Her neighbor called out in alarm something like, "Oh my God Claire! You're having another stroke! You can't move your arm! Oh my God!"

    My grandmother shot her a severe look and said gravely and calmly, "There is nothing wrong with my arm. My purse is on the wrong side."

  • Rags (my dad) was a "don't pee on my leg and tell me it's raining" kind of guy. Although he was really a kind man, his voice rang terror in all ten of us little Brouillettes' hearts, all thinking, "don't let it be me, don't let it be me" who was in trouble.

    The inbreeding among the little French communities on the plains led to genetic anomolies, ours were crossed eyes. At age 15 I had to undergo the "straightening" procedure—some kids get their teeth straightened, half of us got our eyes straightened… So anyhoo…I am deep under the medication for the procedure that began in the morning. It is heading towards evening and I'm still under when I hear that wonderful voice:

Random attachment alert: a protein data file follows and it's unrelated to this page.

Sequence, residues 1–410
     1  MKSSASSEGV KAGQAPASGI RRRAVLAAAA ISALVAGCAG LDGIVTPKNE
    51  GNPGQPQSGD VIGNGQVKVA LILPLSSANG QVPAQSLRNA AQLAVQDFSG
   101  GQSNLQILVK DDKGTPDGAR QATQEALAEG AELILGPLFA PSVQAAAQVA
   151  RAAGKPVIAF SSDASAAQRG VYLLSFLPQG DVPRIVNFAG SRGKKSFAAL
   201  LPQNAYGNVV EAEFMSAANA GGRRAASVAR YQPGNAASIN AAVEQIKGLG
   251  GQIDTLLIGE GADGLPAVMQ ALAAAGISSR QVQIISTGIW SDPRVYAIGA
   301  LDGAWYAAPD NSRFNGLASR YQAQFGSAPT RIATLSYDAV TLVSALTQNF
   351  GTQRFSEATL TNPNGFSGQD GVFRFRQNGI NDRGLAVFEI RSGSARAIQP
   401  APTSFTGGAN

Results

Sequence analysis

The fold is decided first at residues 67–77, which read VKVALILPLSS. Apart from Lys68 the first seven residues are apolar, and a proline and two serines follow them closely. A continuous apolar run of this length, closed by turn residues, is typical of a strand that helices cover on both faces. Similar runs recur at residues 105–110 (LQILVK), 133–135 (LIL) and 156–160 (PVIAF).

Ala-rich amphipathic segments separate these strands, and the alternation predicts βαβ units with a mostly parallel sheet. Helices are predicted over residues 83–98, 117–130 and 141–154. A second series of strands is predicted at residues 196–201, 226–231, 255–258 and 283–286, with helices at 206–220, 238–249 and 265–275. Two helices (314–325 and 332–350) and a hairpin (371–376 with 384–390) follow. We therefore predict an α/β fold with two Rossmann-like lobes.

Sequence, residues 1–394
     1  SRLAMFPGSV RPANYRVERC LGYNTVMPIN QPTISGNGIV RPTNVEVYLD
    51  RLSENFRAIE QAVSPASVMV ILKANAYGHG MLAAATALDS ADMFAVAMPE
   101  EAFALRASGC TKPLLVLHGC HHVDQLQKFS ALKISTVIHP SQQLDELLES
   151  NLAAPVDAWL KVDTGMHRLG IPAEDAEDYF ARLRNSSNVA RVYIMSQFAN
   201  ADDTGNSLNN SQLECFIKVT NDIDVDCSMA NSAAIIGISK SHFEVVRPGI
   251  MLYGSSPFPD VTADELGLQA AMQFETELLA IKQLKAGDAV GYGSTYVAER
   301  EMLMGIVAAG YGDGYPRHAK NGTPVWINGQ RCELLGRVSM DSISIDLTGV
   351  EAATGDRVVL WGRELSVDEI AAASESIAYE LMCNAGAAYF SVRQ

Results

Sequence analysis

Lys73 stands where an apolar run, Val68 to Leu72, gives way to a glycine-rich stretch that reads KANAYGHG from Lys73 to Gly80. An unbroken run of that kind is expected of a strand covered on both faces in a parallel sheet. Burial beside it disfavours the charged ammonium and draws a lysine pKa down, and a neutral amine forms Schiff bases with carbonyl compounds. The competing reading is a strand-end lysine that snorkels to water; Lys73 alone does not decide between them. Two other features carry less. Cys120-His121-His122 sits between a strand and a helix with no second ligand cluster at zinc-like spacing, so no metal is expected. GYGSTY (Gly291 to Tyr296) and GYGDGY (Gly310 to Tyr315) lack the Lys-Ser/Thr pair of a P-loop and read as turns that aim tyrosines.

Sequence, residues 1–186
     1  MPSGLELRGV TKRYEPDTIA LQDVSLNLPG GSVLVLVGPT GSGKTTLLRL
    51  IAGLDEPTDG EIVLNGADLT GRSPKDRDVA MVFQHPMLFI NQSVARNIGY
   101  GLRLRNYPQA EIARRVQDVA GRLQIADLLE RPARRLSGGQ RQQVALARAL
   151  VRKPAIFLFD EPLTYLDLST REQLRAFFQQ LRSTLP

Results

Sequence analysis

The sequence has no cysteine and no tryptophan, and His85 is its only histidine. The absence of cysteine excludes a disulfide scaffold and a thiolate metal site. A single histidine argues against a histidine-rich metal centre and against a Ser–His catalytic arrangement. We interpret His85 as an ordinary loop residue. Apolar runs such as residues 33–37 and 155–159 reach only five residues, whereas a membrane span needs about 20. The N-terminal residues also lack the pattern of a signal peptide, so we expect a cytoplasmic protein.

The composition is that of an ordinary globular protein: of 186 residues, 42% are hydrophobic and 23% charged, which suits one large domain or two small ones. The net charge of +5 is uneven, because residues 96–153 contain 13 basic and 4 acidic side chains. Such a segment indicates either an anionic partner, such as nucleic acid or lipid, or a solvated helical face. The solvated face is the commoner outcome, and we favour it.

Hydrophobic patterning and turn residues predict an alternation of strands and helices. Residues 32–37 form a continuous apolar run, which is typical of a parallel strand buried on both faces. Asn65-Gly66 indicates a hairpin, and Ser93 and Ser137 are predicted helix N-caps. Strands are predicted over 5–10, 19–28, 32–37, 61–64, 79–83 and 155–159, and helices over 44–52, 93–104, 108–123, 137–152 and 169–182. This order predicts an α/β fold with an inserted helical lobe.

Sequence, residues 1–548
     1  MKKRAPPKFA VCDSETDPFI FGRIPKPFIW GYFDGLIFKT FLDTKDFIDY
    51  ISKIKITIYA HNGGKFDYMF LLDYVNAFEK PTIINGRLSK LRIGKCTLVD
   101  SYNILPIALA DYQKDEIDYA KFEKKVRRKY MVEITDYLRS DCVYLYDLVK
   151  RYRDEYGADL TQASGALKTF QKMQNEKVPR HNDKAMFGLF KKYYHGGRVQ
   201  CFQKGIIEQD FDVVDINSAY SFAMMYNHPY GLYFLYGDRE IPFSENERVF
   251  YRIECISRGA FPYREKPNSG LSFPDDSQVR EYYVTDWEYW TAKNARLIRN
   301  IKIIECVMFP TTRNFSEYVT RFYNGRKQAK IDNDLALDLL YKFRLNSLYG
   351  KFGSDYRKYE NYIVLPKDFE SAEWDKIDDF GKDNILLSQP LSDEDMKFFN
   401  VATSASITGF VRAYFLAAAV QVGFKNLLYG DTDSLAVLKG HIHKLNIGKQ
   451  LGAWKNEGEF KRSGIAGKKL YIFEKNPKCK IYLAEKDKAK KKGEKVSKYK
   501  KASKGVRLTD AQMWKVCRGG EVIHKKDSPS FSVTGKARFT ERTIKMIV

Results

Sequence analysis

POP! My eyes open immediately. A voice that could wake the dead!!!!

  • My parents were quite old when I was born (45 & 53) so I have vague memories of my grandparents. However one that stands out in my mind is of my grandmother (from Glasgow) pouring out half the bottle of my grandfather's (from Aberdeen) Scotch and refilling it with tea. He did like his Scotch. He would complain bitterly that the trip to America was bad for Scotch and that it tasted different from what he'd get in Scotland. He never knew about the tea!

    (The book sounds excellent!)

  • BT,
    That's an incredible story, it made me smile. What a great night it must have been for both of you.

    Hi Helen
    I'm so glad he didn't let you win on purpose. Isn't it amazing what we remember from our childhoods?

    Hi Carol
    Your dad is almost as wonderful as mine 🙂 I think they would like each other very much.

    Hi Jill
    I'm not sure I understand. had she had a stroke just then and was calm about it? Or was her bag really on the wrong side? She sounds like one cool cookie whichever it was.

    Hi RB (or do I call you Rosemary now?)
    That is a superb story. What a powerful man. I bet you were scaring him a lot with your refusal to wake from the anaethetic too and not just your mom!

    Hi Nitebyrd
    How is it that he never noticed the tea in his Scotch? I guess it must have been a very peaty single malt.

  • I'm old enough to have accumulated many wonderful memories …. but I think my favorite are of my father who passed away when I was only 16. His death was shocking and quick ~ he was ill for only three days.